An Economic Development Architecture for New Orleans

By Kevin F. McCarthy | Go to book overview

Preface
In response to the devastating effects of Hurricane Katrina and the subsequent levee failures on New Orleans and its economy, the Horizon Initiative, a private-sector organization, was formed in 2006 to expedite the city’s recovery with a particular focus on economic recovery. Horizon, in collaboration with the New Orleans City Council, has been evaluating alternative organizational structures and strategies to revitalize the city’s economy. To assist in this effort, Horizon contracted with the RAND Gulf States Policy Institute (RGSPI) to provide recommendations as to the most effective organizational and strategic approaches to accomplish Horizon’s objective. This report was produced in response to that challenge and aims to provide an organizational architecture for New Orleans’s economic revitalization. As such, it specifically addresses three questions:
What strategies should the effort employ?
How should the effort be organized?
How should priorities be assigned, and how should the approach be implemented?

This report is not a detailed redevelopment plan. The content and approach of a specific economic plan or strategy are essential for putting it into action, and such issues are beyond the scope of this report. What this research does is provide guidelines for evaluating both alternative organizational structures and the many economic development proposals being put forward for New Orleans’s economic recovery.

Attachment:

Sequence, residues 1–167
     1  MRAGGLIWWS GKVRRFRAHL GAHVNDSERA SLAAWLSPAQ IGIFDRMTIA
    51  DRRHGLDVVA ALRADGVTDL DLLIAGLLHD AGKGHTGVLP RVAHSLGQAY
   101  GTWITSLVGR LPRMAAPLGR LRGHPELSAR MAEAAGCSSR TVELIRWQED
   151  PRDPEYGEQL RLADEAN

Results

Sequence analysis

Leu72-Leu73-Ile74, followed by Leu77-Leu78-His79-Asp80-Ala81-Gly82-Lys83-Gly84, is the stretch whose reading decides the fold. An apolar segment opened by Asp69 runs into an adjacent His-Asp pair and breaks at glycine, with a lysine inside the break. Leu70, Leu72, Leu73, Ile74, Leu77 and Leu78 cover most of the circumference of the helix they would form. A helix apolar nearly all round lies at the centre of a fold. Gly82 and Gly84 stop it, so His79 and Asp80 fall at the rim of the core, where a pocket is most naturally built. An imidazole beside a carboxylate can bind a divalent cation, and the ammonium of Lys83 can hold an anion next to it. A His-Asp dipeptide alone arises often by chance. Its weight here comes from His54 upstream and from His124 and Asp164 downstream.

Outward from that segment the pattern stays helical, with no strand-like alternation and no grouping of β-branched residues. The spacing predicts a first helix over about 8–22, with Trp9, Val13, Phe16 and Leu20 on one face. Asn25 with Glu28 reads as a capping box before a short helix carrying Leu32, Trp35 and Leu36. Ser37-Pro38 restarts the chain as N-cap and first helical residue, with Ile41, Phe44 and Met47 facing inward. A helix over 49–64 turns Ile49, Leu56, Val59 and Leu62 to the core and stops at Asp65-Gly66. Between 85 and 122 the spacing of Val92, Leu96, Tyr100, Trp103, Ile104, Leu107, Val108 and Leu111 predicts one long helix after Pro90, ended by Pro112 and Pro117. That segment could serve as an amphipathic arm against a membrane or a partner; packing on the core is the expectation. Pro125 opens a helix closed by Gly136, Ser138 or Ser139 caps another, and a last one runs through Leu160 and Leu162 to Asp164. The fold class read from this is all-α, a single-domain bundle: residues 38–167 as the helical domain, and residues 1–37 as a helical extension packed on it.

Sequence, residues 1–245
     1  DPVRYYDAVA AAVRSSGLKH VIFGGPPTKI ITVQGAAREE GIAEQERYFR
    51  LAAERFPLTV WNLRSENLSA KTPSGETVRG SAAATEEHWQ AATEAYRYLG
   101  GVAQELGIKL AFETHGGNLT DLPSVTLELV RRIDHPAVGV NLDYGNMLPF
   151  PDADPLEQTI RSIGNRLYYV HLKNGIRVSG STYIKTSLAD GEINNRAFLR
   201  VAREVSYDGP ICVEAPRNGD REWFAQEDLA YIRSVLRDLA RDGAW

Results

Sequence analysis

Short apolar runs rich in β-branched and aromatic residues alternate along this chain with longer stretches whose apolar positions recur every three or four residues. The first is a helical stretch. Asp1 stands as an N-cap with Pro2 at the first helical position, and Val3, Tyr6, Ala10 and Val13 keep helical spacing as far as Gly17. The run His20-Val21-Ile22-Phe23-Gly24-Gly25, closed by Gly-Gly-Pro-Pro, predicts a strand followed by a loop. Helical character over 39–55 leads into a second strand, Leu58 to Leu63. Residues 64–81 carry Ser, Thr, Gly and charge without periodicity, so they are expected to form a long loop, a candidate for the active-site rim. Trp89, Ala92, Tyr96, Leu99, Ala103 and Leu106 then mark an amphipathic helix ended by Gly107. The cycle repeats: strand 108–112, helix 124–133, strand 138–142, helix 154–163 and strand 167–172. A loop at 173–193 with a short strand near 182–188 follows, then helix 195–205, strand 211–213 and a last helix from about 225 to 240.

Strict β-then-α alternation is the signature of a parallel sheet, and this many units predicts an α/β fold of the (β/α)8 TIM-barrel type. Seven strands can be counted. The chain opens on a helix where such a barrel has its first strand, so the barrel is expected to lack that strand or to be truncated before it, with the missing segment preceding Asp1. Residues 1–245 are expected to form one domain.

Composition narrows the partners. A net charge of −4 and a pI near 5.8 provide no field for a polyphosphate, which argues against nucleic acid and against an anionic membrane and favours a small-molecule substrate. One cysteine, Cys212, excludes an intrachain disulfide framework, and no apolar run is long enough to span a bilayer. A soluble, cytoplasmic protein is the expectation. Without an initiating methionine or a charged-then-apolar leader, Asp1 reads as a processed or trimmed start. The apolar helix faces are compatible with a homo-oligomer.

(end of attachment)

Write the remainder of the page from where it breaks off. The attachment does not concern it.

In discussing the revitalization of New Orleans, this report draws a distinction between economic development and urban redevelopment programs. Economic development programs are designed to stimulate the economy by increasing the growth of employment and income of the city and the region as a whole. Urban redevelopment programs, on the other hand, are designed to improve the physical, social, and economic status of neighborhoods within the city. Although both sets of efforts are important (and at times related, since urban redevelopment is often an important component of increasing an area’s attractiveness to new employers and residents), they have distinct goals and methods. Moreover, given the decline in New Orleans’s economy prior to Katrina, simply restoring the region’s economy to its prestorm condition will not serve the region’s long-term economic needs. Indeed, without a healthy economy, the region’s neighborhoods will all suffer. Much of the planning effort that has been undertaken in New Orleans since Katrina has focused more on urban redevelopment rather than economic development.

-iii-

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An Economic Development Architecture for New Orleans
Table of contents

Table of contents

  • Title Page i
  • Preface iii
  • Contents v
  • Figure and Tables vii
  • Summary ix
  • Acknowledgments xvii
  • Chapter One - Introduction 1
  • Chapter Two - Review of Economic Development Efforts 5
  • Chapter Three - Economic Development in New Orleans 15
  • Chapter Four - Summary of Key Findings and Recommendations 33
  • Appendix A - Development Agencies Researched 39
  • Appendix B - Alphabetical List of Interviewees 45
  • Bibliography 47
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